Even though immigration ‘pre-clearance’ into the US for transport passengers has existed for over a century, there has been very slow progress in implementing it globally more recently.
Passengers availing of pre-clearance formalities have passports checked by US immigration officials and cleared by US customs for entry into the US at their departure airport. They are not subject to further check, because flights arrive at domestic rather than international terminals at US airports.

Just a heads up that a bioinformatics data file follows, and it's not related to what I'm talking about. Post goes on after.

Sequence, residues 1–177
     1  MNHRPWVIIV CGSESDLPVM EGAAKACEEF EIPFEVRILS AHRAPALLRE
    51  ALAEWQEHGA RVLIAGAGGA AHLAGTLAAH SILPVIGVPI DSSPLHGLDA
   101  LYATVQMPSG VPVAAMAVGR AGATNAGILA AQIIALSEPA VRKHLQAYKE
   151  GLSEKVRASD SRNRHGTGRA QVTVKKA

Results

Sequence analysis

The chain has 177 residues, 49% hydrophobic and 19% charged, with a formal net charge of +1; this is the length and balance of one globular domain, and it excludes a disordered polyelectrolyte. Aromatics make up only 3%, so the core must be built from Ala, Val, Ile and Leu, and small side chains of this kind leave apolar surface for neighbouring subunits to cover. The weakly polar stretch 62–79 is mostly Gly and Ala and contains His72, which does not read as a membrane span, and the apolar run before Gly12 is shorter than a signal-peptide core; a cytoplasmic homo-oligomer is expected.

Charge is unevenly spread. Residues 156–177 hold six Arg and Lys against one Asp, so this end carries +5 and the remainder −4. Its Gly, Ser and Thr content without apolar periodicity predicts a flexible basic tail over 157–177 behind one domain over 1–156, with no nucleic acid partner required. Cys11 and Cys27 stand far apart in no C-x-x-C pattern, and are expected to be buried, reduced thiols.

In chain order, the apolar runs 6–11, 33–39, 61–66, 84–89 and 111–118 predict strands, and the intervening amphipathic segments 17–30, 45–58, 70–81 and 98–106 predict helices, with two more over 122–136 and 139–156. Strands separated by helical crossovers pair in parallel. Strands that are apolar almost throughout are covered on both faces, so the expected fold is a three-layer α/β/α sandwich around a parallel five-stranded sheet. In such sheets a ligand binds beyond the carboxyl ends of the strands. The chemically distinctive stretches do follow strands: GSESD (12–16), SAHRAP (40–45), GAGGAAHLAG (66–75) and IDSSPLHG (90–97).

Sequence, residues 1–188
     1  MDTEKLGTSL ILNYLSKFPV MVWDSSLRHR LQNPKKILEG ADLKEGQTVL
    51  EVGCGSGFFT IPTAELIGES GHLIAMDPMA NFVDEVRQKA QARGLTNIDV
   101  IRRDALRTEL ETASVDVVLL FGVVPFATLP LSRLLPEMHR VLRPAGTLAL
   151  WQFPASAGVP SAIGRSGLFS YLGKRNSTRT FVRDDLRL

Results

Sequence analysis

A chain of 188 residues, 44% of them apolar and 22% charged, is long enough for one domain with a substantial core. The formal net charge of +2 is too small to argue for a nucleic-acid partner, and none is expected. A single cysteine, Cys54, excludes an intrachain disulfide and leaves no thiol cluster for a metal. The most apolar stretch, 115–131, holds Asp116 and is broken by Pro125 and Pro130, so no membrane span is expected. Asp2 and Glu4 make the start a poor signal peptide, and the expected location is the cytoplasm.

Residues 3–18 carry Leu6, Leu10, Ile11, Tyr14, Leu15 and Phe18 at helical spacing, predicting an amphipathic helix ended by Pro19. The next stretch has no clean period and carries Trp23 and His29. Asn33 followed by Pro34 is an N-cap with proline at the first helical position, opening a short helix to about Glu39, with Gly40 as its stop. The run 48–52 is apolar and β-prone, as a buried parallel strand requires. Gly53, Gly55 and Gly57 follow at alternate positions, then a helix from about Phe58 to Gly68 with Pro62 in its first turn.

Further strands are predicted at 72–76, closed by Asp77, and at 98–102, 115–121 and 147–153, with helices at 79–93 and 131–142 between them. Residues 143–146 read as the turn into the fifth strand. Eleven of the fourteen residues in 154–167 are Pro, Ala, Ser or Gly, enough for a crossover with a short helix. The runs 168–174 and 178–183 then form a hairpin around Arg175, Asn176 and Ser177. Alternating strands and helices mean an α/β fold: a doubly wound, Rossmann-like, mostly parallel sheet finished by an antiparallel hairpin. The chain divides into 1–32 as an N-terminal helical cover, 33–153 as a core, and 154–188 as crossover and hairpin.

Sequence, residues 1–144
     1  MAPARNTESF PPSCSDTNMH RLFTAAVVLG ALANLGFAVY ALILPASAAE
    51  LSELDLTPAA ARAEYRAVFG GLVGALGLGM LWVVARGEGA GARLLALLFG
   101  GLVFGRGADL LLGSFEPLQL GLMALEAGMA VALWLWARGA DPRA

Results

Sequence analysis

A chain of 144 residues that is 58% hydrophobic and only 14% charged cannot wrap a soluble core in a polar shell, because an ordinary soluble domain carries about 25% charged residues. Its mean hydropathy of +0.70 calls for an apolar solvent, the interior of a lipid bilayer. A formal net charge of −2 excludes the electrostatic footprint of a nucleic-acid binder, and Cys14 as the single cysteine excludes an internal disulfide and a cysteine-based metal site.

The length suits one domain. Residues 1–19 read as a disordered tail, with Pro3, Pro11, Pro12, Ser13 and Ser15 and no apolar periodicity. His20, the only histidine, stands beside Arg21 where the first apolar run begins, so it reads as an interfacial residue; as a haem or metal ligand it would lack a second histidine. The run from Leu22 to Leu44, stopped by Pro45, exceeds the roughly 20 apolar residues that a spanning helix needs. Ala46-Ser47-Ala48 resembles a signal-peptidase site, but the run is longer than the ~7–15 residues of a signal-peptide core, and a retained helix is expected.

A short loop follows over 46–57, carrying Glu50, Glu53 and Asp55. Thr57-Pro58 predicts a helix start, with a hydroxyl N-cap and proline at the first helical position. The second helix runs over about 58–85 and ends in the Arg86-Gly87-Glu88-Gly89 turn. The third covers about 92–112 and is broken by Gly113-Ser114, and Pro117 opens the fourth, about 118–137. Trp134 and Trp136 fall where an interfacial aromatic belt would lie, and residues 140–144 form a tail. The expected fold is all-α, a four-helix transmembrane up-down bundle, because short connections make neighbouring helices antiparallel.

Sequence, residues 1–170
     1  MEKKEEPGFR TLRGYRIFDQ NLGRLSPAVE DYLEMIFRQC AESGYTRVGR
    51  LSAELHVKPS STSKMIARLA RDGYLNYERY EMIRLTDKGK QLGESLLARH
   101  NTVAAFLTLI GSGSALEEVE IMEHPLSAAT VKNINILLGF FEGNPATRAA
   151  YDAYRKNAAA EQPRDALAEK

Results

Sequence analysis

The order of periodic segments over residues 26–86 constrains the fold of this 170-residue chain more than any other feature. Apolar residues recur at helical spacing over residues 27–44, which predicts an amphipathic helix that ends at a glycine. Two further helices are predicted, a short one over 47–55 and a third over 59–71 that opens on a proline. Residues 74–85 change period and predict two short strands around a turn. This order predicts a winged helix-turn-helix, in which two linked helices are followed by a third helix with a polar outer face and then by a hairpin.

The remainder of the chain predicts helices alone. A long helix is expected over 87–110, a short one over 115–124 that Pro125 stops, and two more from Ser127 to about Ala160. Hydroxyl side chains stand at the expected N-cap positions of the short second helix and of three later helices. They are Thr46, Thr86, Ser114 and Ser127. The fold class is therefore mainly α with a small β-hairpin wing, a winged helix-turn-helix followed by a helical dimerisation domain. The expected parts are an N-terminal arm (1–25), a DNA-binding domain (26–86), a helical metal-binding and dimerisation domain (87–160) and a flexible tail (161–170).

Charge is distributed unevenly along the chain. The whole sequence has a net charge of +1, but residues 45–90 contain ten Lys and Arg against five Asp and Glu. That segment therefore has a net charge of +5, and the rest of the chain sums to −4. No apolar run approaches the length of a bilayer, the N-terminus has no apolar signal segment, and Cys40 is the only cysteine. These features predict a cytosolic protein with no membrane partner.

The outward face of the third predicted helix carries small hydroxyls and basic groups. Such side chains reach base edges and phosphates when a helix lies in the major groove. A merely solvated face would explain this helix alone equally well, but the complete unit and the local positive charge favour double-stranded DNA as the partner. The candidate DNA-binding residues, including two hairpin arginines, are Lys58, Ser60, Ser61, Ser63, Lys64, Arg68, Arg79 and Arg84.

The 15 airports that benefit from pre-clearance have not been added to for years. It seems Edinburgh Airport in Scotland, first proposed in 2012 but which only became a formal candidate years later, may overtake London Heathrow and Manchester airports to be the first UK airport in the scheme.
But for all the benefits of the arrangement (as Dublin Airport in particular would testify), there are pitfalls, including security, user satisfaction (airlines as well as passengers), and funding issues.
This two-part report examines the benefits and disadvantages. This is part one.